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Cambodia: Tax audits part 1: Spero optimus instruo pro pessimus


Clint O’Connell

As with most difficult things in life, when dealing with tax audits in Cambodia the Latin expression, spero optimus instruo pro pessimus comes to mind – "hope for the best but prepare for the worst". Tax audits are commonplace in Cambodia, and all registered taxpayers will be subject to an audit at some point. There are several different types of audits in Cambodia, and these are carried out independently of each other. In this month's article, we discuss the various types of audits that exist in Cambodia and some common issues that arise during the course of an audit. Next month we will detail the audit procedure in more detail.

The three types of tax audits in Cambodia are:

  • Desk audit;

  • Limited audit; and

  • Comprehensive audit.

As per Prakas No. 1059, desk audits are "a control of the accuracy and sincerity of the declared data by just checking and cross-checking various information that the tax administration has received from the taxpayer's tax return or clarification…or from information received through the use of the right to receive information…" Desk audits therefore re-examine information already submitted to the General Department of Taxation (GDT).

Limited audits are more in-depth than desk audits, and tax auditors may go on-site to the taxpayer's premises to examine additional documents; however, they will not fully investigate all potential tax issues of the enterprise and will focus on specific areas or type(s) of tax.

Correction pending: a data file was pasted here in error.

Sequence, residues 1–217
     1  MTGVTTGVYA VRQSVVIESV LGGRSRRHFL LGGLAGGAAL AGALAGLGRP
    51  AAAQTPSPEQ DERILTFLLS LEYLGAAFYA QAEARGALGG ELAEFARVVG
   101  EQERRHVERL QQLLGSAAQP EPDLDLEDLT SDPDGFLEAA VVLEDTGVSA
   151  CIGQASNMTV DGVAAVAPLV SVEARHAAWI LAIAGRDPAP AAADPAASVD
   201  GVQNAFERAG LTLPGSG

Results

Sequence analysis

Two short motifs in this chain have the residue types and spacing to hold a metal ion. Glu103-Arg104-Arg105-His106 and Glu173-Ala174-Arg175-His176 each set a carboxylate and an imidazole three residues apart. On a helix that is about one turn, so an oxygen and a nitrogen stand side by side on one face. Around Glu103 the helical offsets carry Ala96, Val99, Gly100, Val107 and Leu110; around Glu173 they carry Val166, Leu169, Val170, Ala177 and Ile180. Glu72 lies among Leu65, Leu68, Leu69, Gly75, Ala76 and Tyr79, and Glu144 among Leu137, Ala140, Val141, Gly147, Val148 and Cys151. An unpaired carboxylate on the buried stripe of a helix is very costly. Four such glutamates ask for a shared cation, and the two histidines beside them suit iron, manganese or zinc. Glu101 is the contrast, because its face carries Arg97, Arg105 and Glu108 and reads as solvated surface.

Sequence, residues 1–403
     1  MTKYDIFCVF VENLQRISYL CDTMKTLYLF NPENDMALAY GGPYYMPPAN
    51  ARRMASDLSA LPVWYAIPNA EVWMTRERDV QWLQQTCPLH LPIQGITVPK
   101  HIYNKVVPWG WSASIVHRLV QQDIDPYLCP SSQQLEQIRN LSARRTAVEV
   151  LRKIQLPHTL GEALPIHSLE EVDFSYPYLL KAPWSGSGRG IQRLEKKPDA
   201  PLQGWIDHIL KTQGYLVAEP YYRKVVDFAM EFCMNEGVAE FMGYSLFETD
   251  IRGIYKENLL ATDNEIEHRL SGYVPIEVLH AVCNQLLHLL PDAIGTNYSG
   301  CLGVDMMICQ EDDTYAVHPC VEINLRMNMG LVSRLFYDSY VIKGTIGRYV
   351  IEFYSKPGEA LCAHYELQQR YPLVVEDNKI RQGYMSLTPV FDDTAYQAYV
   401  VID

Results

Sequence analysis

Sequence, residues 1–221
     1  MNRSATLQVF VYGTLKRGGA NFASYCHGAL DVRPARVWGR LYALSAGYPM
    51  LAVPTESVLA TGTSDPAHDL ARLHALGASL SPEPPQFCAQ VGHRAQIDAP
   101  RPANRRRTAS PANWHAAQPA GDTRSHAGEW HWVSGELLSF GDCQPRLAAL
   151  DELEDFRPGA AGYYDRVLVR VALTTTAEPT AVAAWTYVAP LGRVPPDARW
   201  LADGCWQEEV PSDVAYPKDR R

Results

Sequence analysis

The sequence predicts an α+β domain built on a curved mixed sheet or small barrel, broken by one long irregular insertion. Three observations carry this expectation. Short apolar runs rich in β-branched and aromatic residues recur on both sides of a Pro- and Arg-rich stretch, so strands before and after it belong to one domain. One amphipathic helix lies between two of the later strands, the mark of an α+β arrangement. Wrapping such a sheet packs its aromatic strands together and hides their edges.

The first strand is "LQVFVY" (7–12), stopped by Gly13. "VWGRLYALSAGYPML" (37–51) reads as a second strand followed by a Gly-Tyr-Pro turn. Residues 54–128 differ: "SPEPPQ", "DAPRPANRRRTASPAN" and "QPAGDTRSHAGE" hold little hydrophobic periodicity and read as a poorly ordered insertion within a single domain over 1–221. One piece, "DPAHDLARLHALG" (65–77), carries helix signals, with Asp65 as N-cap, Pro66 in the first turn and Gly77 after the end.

Comprehensive audits are more thorough and may uncover potential tax exposures through examination of any area of the business, to ensure that all tax compliance obligations have been met.

Desk audits and limited audits are carried out by the local Khan branch of the GDT at which the company files its tax returns, unless the business is classified as a large taxpayer. In this case, both desk audits and limited audits are carried out by the Department of Large Taxpayers. Large taxpayers are deemed as such if they are one of the following:

  • A qualified investment project;

  • A branch of a foreign enterprise or multinational company; or

  • An enterprise with annual turnover of over KHR1 billion ($250,000).

All comprehensive audits are carried out by the Department of Enterprise Audit.

Some common audit issues

Transactions between related parties

When related parties enter into transactions or profits are allocated between entities under common control, especially across borders, many countries enforce transfer pricing regulations as part of their tax law. Transfer pricing requires that transactions between related parties be at arm's-length, or in other words, conducted under the same conditions as if the parties were independent of each other.

Cambodia does not have any actual transfer pricing regulations in place; however, the Law on Taxation (LOT) does provide that the director of the GDT has the authority to adjust the allocation of income and expenses between related entities.

"In the case of two or more enterprises, whether incorporated or organised in or outside of the Kingdom of Cambodia, which are under common ownership, the tax administration may distribute, gross income, deductions, or other benefits among such enterprises and their owners to prevent the avoidance or evasion of taxes or to clearly reflect the income of such enterprises, or their owners.